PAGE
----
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Baroque Voice Types

Continue of discussion from: Members 2005 [General Topics]

Ludwig wrote (January 22, 2005):
[To Gabriel Jackson] Adult men for tenors or boys who voices have changed. In the Baroque age; the voices of Boys were highly valued and this went to the extreams of making the beter singers into Castrati.

The lower parts were done by adult men or adolescents whose voices has changed. More often than not a boys voice which had changed was regarded as a persona non grata by those who formerly gave the boy the time of day and anything else he wanted---figuratively speaking. If he were lucky as a young adult he could remain in the chorus as a tenor or bass.

Counter tenor parts were often performed either by Castrati or Boys although I guess that in a pinch a regulart tenor could do the part. I do not recall that any of Bach's Scores call for a Counter Tenor.

Yes there is a difference in the sounds of Boys voices and that of women. One only has to listen to the Kings Chapel Choirs, Cambridge Univeristy, to hear this and copare the same work as sung by a mixed chorus of adult men and women.

In Bachs time; the place of a woman was in the home to raise children and be a good wife to her husband, caring for the children and him when he came home from whatever job he was doing to support them etc. When we read about Maria Barbara (or what it the other wife?) and the scandal that ensued when Bach allowed her to sing in his Chorus (He nearly lost the job over this and did not stay too long afterwards--I think this occured in Mühlhausen but am not sure so anyone should feel free to correct this) we can see the prejustice and discrimination against Women of the time.

So in general; if we are looking for the sounds that were heard in Bach's time we need to use an all male chorus with some license for women as soloists.

Cara Emily Thornton wrote (January 22, 2005):
Ludwig wrote: < In Bachs time; the place of a woman was in the home to raise children and be a good wife to her husband, caring for the children and him when he came home from whatever job he was doing to support them etc. When we read about Maria Barbara (or what it the other wife?) and the scandal that ensued when Bach allowed her to sing in his Chorus (He nearly lost the job over this and did not stay too long afterwards--I think this occured in Mulhausen but am not sure so anyone should feel free to correct this) we can see the prejustice and discrimination against Women of the time.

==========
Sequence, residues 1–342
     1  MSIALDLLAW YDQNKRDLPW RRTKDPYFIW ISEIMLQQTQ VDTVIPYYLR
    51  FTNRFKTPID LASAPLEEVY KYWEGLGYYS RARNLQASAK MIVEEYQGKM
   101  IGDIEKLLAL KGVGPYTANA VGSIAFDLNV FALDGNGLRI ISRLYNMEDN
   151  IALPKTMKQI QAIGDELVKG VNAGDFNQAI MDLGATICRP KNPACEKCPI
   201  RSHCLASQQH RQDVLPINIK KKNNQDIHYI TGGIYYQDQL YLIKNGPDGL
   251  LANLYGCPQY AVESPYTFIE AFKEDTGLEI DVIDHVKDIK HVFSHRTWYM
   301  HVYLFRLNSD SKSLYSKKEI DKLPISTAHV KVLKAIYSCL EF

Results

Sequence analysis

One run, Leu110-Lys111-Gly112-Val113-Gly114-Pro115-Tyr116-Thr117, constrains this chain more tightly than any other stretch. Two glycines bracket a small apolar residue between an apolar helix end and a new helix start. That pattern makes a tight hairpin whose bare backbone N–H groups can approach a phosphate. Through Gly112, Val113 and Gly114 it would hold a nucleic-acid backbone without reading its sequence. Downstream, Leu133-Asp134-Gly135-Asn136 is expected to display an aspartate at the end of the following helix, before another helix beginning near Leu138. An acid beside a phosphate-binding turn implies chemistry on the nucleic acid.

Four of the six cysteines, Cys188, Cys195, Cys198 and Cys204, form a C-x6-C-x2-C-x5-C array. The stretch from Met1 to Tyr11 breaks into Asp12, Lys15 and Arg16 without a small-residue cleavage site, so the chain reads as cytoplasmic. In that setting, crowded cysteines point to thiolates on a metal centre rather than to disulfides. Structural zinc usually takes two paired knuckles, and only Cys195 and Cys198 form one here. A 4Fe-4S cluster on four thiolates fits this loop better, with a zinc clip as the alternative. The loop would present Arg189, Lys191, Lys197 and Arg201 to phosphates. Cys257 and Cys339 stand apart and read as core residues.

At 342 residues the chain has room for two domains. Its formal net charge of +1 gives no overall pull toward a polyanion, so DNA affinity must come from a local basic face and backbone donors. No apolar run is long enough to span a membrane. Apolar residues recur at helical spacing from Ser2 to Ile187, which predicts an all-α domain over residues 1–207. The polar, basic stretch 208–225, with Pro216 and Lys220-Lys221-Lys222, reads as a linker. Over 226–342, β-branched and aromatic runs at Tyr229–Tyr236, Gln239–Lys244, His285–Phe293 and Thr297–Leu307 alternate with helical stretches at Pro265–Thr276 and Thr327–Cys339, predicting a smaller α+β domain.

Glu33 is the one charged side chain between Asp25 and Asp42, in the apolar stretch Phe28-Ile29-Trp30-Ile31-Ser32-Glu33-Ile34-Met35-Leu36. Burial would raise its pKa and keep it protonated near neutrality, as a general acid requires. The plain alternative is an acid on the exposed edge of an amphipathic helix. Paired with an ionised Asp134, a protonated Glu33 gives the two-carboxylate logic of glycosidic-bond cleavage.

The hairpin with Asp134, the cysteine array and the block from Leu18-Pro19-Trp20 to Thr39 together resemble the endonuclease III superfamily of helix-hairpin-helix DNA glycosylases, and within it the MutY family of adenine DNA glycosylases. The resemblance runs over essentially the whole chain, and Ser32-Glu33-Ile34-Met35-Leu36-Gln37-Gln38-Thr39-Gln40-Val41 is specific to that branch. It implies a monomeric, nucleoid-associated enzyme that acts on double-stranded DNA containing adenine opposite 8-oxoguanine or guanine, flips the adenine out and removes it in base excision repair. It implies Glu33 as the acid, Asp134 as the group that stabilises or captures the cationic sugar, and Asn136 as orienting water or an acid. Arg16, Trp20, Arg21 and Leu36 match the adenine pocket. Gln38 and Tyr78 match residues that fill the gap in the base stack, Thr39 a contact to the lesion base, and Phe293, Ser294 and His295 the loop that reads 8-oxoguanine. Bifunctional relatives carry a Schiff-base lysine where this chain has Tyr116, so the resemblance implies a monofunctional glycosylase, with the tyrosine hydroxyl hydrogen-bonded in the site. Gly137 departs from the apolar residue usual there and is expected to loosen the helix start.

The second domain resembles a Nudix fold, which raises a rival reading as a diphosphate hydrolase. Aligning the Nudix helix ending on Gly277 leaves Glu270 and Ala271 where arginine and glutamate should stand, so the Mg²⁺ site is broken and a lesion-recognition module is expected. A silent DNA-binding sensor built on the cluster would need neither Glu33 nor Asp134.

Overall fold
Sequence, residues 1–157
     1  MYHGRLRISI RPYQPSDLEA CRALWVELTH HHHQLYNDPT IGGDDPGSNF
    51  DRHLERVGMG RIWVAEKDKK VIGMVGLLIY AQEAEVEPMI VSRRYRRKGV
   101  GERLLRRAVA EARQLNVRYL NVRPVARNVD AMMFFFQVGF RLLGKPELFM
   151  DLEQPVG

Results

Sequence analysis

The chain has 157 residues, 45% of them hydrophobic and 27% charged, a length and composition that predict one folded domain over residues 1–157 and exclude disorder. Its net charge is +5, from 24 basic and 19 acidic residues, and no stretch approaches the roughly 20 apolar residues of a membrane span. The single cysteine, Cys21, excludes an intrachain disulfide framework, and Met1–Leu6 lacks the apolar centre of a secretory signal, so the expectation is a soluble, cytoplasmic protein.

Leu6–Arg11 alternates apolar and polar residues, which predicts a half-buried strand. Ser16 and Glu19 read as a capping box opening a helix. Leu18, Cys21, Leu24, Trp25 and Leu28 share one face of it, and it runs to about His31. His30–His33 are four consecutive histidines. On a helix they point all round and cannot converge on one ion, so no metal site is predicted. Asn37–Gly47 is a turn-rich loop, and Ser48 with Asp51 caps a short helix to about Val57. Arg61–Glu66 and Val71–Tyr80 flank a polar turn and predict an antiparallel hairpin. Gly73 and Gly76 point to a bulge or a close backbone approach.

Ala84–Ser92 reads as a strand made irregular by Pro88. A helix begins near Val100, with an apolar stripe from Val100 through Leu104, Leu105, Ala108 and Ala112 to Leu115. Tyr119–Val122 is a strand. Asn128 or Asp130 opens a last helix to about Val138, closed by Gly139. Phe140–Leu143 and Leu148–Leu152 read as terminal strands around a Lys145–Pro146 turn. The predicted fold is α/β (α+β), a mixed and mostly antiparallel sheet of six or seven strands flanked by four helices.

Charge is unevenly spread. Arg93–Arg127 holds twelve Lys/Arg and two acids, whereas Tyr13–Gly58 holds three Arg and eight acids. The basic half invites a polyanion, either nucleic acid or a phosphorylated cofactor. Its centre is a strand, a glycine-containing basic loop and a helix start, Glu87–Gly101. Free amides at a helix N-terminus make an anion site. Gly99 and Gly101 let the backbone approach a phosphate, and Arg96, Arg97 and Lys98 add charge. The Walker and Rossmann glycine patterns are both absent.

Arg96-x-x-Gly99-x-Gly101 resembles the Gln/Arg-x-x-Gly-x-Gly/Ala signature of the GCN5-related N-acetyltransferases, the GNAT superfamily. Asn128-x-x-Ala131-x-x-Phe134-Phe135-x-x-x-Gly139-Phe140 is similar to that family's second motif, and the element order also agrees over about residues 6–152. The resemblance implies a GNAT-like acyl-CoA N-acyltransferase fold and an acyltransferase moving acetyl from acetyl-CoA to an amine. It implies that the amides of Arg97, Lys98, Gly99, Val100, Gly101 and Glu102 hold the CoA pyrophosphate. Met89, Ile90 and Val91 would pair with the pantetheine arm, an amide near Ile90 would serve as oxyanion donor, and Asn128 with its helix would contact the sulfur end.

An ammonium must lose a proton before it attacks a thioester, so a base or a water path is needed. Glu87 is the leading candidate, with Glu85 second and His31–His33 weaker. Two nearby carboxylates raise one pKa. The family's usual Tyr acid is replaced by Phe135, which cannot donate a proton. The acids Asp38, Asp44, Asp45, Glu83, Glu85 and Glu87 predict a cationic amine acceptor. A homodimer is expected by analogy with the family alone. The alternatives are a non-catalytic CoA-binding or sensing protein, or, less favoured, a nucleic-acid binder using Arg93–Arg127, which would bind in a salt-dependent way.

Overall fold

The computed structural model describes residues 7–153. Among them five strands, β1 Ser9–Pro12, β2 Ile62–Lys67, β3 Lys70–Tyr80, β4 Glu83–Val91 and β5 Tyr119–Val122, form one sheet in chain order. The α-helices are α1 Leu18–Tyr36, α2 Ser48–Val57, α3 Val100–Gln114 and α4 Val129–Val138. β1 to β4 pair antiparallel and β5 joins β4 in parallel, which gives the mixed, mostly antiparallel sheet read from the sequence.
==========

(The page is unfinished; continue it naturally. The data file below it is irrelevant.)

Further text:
So in general; if we are looking for the sounds that were heard in Bach's time we need to use an all male chorus with some license for women as soloists. >
From what 'ludwig' writes, it seems that the use of all-male choirs in Bach's time had absolutely nothing to do with the sound, and everything to do with views concerning women. Why would we want to perpetuate such views (and practices thereof) today? Quite frankly, that sounds like something I (and I hope no one else on this list either) would not want to have any part of!

Doug Cowling wrote (January 22, 2005):
Ludwig wrote: < Adult men for tenors or boys who voices have changed. In the Baroque age; the voices of Boys were highly valued and this went to the extreams of making the beter singers into Castrati.
The lower parts were done by adult men or adolescents whose voices has changed. More often than not a boys voice which had changed was regarded as a persona non grata by those who formerly gave the boy the time of day and anything else he wanted---figuratively speaking. If he were lucky as a young adult he could remain in the chorus as a tenor or bass.
Counter tenor parts were often performed either by Castrati or Boys although I guess that in a pinch a regulart tenor could do the part. I do not recall that any of Bach's Scores call for a Counter Tenor. >
Although we seem to have accepted that adult women singing with "white" head tone is somehow "authentic" for performances of Bach, we need to remember that the Baroque period had a wide variety of voice types for different genres and in different places.